In Numbers 13:1-3, God tells Moses to send spies to look over the land He had promised them. Moses chose one man from each tribe. He selected Caleb from the tribe of Judah (v6). The spies were given their instructions in verses 17-20:
“Moses sent them to spy out the land of Canaan and said to them, ‘Go up into the Negeb and go up into the hill country, and see what the land is, and whether the people who dwell in it are strong or weak, whether they are few or many, and whether the land that they dwell in is good or bad, and whether the cities that they dwell in are camps or strongholds, and whether the land is rich or poor, and whether there are trees in it or not. Be of good courage and bring some of the fruit of the land.’ Now the time was the season of the first ripe grapes.”
And so Caleb and the other eleven spies spent 40 days looking over the land. Upon their return, the spies acknowledged the richness of the land, but 10 of them fearfully warned the people (vs 28-29) “…the people who dwell in the land are strong, and the cities are fortified and very large. And besides, we saw the descendants of Anak there. The Amalekites dwell in the land of the Negeb. The Hittites, the Jebusites, and the Amorites dwell in the hill country. And the Canaanites dwell by the sea, and along the Jordan.” Before the people could be dismayed, Caleb broke in to offer encouragement: vs. 30 “But Caleb quieted the people before Moses and said, ‘Let us go up at once and occupy it, for we are well able to overcome it.’” Caleb’s faith in God’s power hadn’t wavered as he viewed those fortified cities.
Num. 13:31-33 “Then the men who had gone up with him said, ‘We are not able to go up against the people, for they are stronger than we are.’ So they brought to the people of Israel a bad report of the land that they had spied out, saying, ‘The land, through which we have gone to spy it out, is a land that devours its inhabitants, and all the people that we saw in it are of great height. And there we saw the Nephilim (the sons of Anak, who come from the Nephilim), and we seemed to ourselves like grasshoppers, and so we seemed to them.’”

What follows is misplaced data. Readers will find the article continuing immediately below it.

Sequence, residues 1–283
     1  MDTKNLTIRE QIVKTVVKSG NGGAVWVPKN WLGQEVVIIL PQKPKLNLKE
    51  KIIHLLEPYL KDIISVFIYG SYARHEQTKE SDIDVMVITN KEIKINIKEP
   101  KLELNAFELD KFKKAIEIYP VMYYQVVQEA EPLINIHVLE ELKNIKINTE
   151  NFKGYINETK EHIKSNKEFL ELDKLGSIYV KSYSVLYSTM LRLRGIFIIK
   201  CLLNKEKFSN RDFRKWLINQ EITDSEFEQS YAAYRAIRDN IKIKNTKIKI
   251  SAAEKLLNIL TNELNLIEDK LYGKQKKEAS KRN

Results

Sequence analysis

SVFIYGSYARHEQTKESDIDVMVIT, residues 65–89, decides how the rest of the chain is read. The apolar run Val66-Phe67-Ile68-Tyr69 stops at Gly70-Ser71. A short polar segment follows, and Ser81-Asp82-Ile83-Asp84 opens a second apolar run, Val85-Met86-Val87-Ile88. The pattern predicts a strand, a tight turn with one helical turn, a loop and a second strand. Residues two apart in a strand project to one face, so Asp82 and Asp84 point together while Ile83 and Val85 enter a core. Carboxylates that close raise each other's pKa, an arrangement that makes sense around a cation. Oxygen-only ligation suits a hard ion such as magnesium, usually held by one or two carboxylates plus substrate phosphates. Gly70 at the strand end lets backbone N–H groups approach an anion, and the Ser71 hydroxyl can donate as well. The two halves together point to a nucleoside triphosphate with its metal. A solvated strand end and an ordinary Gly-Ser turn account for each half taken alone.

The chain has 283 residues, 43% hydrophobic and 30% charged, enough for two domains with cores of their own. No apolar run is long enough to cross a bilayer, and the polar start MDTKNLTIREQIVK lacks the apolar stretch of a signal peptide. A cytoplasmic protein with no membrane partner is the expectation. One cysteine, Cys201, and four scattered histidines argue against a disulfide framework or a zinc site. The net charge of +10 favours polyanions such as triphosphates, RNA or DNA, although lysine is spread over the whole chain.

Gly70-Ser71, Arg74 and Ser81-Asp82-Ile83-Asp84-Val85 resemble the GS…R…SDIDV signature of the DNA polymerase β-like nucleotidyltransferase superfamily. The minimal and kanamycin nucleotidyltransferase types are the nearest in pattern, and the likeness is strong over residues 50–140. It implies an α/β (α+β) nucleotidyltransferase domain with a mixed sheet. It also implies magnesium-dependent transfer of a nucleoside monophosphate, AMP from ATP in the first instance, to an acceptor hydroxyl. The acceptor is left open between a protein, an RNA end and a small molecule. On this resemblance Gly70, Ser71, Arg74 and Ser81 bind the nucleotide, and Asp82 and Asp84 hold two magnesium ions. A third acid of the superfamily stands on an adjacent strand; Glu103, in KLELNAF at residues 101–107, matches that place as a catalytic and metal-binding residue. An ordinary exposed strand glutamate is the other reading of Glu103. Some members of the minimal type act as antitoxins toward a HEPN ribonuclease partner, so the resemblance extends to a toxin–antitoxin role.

The first four verses of chapter 14 tell us that the people believ in the doubting spies, rather than in God. Joshua joins Caleb in exhorting the people to follow God (vs. 6-9), but the people threaten to stone them. God then shows His Glory and pronounces judgment upon the faithless people: none of them older than twenty would see the Promised Land, other than Caleb and Joshua. Instead, they’d wander in the wilderness for 40 years waiting to die. (14:28-35)
Think of what that meant to Caleb for a moment. His faith in God had never wavered. He had contended earnestly, trying to lead God’s people in faith to the Promised Land. He would have to wait 40 more years to see that land again. He had done nothing wrong, and yet he had to bear the punishment with the sinners around him. When I try to picture myself in Caleb’s place, I think I’d be wailing “God! This isn’t fair!” There is no evidence that Caleb reacted in this way. He faithfully followed God through the wilderness for the next forty years. And that is the first lesson we can learn from Caleb. Sometimes bad things happen to good people for no other reason than there is sin in the world. Why did Caleb have to wait another four DECADES to enter the Promised Land? Because he was in the midst of a sinful people. Like Caleb, bad things will happen to us sometimes. Not because we’ve sinned. Not because God is punishing us. Simply because we are on a sinful planet surrounded by sinful people. Like Caleb we need to quietly follow God in faith until He finally leads us to our Promised Land.
Caleb did eventually see the Promised Land again when Joshua led the next generation into Palestine. Caleb faithfully followed the leader of God’s people and at 80+ years old he continued to fight God’s battles. When the conquest was complete and the land was being divided among the various tribes, Caleb stood up and claimed the reward he had been promised for his faithfulness.